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Arts CultureYachting Etiquette: The Dos & Don'ts For Recreational Boating

Yachting Etiquette: The Dos & Don'ts For Recreational Boating

Yachting Etiquette: The Dos & Don'ts For Recreational Boating
By Natasha Tang
July 20, 2019
Set sail and breeze through the day while keeping bad manners at bay

Picture this: you're on board a gorgeous yacht with wind blowing through your hair, the sound of waves crashing, the sun beaming down on you as you take a sip of champagne—this is the definition of living your best life.

If you’re lucky enough to get invited for a day at sea, make sure you follow the proper etiquette to be the most gracious guest—and to secure an invitation for the next outing—with these golden rules of yachting:

Photo: Pexels
Photo: Pexels

BE ON TIME

Make sure you arrive at the designated meeting area on time. Not only does the captain have strict rules on departure and return times, but you also don't want to keep the other guests waiting. A boat party is simply not the kind of event you can be fashionably late for.

BRING SOMETHING

A good guest never shows up empty-handed. Whether you are on land or at sea, it is common courtesy to bring a little gift to say thank you to the host for inviting you. When choosing the gift, make sure to keep your host’s taste in mind. A bottle of wine, champagne or even a box of chocolates are always a crowd-pleaser.

RESPECT THE CAPTAIN

As soon as you walk onboard, all authority goes to the captain. He or she will have created an itinerary based on weather conditions, and their advice and requirements should be respected. Pay attention when they talk and raise any concerns or issues with them directly.

See also: Vrit Yongsakul On His Seaborne Pride

Photo: Pexels
Photo: Pexels

TREAT THE YACHT LIKE A HOME

If the yacht has been rented, chances are many groups have been on this boat before you for a similar occasion. However, don't treat the yacht like a venue but more like a home. Avoid stepping on couches and be careful not to make a mess by spilling food and drinks or smearing sunscreen.

SLIP-ON SHOES AND PEDICURE

Keep in mind that the captain will likely ask guests to go barefoot while on board. High heels can scratch, black soles leave marks on the white floor and other shoes can bring in dirt that could stain the carpet. To be safe, bring shoes you can easily slip in and out of, and make sure you get a pedicure beforehand.

PACK THE RIGHT CLOTHING

Before you go, check the weather to know exactly what to pack. You don’t want to be the person asking to borrow others' belongings because you didn’t come prepared. Pack light clothing that isn’t too fragile, as you may get sunscreen or seawater on it. It can get chilly during the evening, so bring something warm like a windproof or waterproof jacket.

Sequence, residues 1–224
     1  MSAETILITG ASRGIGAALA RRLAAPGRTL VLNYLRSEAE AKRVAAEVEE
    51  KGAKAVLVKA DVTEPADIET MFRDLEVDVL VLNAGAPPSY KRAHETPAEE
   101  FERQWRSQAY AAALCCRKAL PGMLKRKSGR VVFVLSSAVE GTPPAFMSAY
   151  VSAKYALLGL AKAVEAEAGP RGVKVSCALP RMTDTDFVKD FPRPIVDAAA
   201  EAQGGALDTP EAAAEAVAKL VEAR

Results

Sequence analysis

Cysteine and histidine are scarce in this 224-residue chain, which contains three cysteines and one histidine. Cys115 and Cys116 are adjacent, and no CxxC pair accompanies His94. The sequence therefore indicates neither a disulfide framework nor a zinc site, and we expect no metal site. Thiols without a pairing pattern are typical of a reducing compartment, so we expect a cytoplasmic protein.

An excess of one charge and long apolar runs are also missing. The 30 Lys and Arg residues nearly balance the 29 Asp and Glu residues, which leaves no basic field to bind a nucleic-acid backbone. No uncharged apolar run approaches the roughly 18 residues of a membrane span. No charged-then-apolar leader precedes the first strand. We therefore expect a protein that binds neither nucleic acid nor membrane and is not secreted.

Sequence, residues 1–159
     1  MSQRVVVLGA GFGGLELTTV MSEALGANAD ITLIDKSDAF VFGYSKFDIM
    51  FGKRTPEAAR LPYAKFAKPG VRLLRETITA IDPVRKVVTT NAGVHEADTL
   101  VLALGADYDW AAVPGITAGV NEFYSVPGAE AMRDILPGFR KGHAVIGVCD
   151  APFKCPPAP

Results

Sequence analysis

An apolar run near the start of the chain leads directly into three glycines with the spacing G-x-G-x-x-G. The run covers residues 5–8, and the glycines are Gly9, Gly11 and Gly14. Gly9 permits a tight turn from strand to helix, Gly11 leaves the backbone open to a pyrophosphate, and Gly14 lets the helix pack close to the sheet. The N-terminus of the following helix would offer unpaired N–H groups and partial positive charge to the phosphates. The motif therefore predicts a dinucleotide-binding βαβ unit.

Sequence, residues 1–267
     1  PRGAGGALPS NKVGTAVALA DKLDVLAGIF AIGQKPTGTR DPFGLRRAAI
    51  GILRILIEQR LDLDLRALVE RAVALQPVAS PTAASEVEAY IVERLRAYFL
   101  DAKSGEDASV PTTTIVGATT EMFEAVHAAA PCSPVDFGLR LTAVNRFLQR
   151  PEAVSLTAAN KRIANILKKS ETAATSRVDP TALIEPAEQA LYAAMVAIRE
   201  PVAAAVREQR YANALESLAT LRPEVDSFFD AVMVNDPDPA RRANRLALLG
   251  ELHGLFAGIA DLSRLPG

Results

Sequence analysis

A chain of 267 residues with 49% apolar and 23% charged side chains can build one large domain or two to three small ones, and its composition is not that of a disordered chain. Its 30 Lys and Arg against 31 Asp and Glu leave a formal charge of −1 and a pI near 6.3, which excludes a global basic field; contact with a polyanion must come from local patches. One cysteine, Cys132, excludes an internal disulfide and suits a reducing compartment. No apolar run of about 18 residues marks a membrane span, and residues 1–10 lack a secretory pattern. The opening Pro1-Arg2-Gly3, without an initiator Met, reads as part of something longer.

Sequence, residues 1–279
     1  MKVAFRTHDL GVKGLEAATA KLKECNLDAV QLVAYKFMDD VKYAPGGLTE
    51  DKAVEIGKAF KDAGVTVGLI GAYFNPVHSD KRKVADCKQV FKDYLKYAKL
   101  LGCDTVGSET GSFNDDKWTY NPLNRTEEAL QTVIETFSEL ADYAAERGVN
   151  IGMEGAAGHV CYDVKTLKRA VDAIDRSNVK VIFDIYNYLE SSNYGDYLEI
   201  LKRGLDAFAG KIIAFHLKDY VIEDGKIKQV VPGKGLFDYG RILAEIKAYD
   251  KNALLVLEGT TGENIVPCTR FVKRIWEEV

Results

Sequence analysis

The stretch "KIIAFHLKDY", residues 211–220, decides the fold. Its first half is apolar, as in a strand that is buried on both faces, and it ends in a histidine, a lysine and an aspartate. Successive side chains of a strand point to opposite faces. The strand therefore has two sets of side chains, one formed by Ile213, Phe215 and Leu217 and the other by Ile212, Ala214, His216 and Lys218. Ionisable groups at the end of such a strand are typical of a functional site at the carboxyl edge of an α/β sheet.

See also: Through The Eyes Of A Sailor: 4 Benefits Of Sailing

Photo: Pexels
Photo: Pexels

USE A SOFT-SHELL BAG

Whether you plan on being at sea for the day or have opted for a multi-day trip, the best bag to bring is a soft-shell carry-on. There is minimal storage space on a yacht and hard-shell luggage is not only difficult to store but it can also move around too easily.

BE SAFE

After a few hours of sun, a jump in the water sounds refreshing. Your yacht will likely come to a halt and throw in the anchor to allow guests to swim around or do watersports. Always ensure the boat has come to a full stop before jumping in.

BE CONSIDERATE

If you dock for the night but keep the party going, keep in mind that noise is amplified on the water and that there may be other boats or even houses in the vicinity. They may seem far away and you may not hear them, but chances are they can probably hear you.

BE AS ECO-FRIENDLY AS YOU CAN

Bring your own bottle to avoid using plastic and keep an eye out for anything that may fall in the water by accident, whether it be sunglasses, plastic cutlery, napkins or anything else. Go the extra mile by using reef-safe sunscreen as opposed to regular sunscreen, whose chemicals contribute to sea pollution and are deadly to coral reefs.

See also: 5 Eco-Architects You Should Have On Your Radar

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